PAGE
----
I then seized the opportunity to invite people to my home, which I refer to as the Humble Ranch, for photos on the couch. After about the 10th photo, I started to feel something bubble. It was fun. It was freeing. I pretty much felt myself coming back from my blue moment and my disengagement with photography. I mean, at this point, people were really hitting me up to be photographed. It was crazy. I mean, people were coming to Detroit from Dallas, Baltimore, Chicago, Seattle to be photographed on the couch.
At this point, I have photographed close to 80 people for this series. All Detroiters or those with deep Detroit connections. It’s no secret that everyone that I photographed on my couch is black, which is by design!
Living in the Detroit area, you can’t help but feel and smell the rapid gentrification of the city, which is leading many to feel not included, heard or seen. I think my couch is a way to offer some change to this narrative.
Flashing back just a little, I did reach out to the manufacturer of the couch to voice my concerns about the color of the couch from what I saw online to what I had delivered. We went back-and-forth for a while and we came up with some terms and I decided to keep the couch. At this point, why not?!
TR: How has your series been perceived?
TSH: The perception so far has been varied, but I think the biggest perception is black! Poet jessica Care moore and visual artist Sabrina Nelson told the world that my couch is black! And it really is. Some have thanked me for creating a “safe black space.” Overall, people seem to be loving it. I still laugh when I meet people locally and they ask if I’m “the guy with the couch.” So people know about this little midcentury modern “Mood Couch,” as my friend Karla calls it.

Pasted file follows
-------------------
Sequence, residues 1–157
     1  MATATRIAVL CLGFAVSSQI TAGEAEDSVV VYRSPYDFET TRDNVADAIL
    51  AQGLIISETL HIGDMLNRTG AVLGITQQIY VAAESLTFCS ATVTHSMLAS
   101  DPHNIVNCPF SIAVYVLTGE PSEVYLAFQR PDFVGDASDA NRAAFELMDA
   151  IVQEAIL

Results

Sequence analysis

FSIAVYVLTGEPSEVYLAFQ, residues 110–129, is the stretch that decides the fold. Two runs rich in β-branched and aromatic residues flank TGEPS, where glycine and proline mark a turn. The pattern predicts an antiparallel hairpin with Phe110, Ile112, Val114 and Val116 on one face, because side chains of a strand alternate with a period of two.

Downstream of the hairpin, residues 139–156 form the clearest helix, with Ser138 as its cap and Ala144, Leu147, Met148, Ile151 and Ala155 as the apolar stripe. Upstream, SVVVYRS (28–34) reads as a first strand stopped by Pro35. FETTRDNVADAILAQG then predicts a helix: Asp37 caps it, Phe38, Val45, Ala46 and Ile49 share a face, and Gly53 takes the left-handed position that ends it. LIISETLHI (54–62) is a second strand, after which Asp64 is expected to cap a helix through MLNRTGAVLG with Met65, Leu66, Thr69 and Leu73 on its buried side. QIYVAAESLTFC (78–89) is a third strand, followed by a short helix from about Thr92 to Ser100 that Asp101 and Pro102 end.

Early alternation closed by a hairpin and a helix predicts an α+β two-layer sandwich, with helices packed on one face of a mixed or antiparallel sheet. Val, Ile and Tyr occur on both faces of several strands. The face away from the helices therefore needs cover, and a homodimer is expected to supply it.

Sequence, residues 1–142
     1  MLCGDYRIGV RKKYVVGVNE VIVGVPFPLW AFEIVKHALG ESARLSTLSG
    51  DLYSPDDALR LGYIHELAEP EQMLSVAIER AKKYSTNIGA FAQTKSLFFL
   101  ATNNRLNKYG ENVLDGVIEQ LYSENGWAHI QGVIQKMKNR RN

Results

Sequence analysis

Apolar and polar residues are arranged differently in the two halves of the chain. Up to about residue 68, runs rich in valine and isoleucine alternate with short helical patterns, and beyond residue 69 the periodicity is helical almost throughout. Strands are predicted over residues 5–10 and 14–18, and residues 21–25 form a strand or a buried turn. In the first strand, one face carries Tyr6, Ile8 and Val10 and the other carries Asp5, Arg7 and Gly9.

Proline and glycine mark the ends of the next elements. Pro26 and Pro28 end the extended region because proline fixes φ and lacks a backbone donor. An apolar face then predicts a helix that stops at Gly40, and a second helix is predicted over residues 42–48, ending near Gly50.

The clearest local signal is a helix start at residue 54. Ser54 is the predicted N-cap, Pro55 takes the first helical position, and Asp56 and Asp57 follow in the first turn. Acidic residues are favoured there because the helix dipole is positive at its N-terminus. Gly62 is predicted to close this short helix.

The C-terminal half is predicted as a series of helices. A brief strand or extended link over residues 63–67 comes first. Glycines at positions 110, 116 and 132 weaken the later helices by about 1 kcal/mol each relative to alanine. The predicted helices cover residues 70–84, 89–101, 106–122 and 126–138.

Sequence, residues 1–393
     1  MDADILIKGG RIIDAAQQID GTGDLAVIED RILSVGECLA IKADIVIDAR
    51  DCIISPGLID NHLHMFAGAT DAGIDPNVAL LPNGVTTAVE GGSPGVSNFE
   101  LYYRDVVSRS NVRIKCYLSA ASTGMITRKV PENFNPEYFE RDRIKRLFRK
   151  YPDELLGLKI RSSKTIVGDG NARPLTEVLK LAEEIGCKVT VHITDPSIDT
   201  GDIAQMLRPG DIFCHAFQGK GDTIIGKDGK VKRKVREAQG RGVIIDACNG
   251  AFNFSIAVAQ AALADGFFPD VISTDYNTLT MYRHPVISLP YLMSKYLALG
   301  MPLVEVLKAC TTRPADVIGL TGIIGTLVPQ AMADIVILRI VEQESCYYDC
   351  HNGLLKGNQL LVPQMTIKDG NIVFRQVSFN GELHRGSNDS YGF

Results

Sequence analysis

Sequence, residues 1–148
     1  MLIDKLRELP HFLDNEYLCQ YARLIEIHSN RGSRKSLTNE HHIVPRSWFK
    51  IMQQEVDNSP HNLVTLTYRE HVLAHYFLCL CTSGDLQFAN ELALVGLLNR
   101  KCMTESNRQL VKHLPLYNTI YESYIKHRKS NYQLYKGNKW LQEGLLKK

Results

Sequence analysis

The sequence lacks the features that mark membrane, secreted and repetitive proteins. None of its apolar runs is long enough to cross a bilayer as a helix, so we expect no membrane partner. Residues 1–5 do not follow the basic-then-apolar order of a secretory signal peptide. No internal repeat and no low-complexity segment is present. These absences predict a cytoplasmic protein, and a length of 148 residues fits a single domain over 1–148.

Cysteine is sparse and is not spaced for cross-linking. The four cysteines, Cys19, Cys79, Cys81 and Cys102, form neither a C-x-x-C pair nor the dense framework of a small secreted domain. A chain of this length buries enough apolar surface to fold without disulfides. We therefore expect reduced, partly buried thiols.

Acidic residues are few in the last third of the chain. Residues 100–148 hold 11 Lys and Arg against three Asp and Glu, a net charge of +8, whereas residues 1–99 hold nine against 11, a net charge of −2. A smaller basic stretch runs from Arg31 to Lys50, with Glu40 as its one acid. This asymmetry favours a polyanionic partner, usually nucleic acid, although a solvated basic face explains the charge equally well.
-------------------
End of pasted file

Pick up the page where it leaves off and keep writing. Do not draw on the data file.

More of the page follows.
TR: Where did you buy the couch? Has the company reached out to you about it going viral?
TSH: Fuck them! Especially after they played me out on a contest last summer. They are shady, but they do make high-quality furniture. We were in contact, but again, fuck them.
TR: Who has been your favorite guest so far?
TSH: There have been so many guests. … This will be hard, but I will name a few favorites: [DJ] Kai Alce, [entrepreneur] Mikiah Westbrooks, [chef] Yachecia Holston, Helene and Celia Faussart [aka Les Nubians], [sexologist] Kevicha Echols, [community activist] Lauren Hood and [musician] Amp Fiddler.
TR: Are you afraid of any wear and tear the couch will receive?
TSH: I’m not afraid, but the couch has seen a lot of action. Also, since the series is coming to a close, I think it will survive!
TR: What was your inspiration behind the aesthetic of your living area?
TSH: Good question! My entire home has been a labor of love! It’s heavily influenced by the African Diaspora, with pieces from around the world, but I’m also a West Elm and Crate & Barrel junky, so you will see structured old-school pieces mixed with midcentury items that are paired with textiles, masks, headdresses and art work from all over Africa. My kids describe my house as a mix of art gallery-meets-Ikea catalog. I also love Ikea!
TR: If you had to pick one person dead or alive to photograph on your couch who would it be?
TSH: Tough! Can I pick two? Gil Scott-Heron because he is one of my heroes and I would love to just talk about existence and blackness. Nina Simone because she is one of my sheroes! Her activism, her musical gifts that she gave the world, and her unapologetic stance on blackness and freedom.
TR: What next project will you be working on?
TSH: I have two projects that will come to life spring 2018. The first will be a pop-up photography party called the Pop Up Powershoot. This will be my second time hosting the event here in Detroit. It’s an event where participants can get headshots done with other professional services in a hot location with music, food, drink and some random surprises. … Stay tuned! My other project will be a nude portrait series, which no doubt will be quite provocative (don’t tell my mother). I plan to make an announcement sometime in late May.
Want to know more about Tafari’s photography? Visit his site, and on Feb. 10, “The Couch: Beautiful” exhibit opens at the Brix Wine & Charcuterie Boutique in Detroit at 8 p.m. The exhibit will run for two months.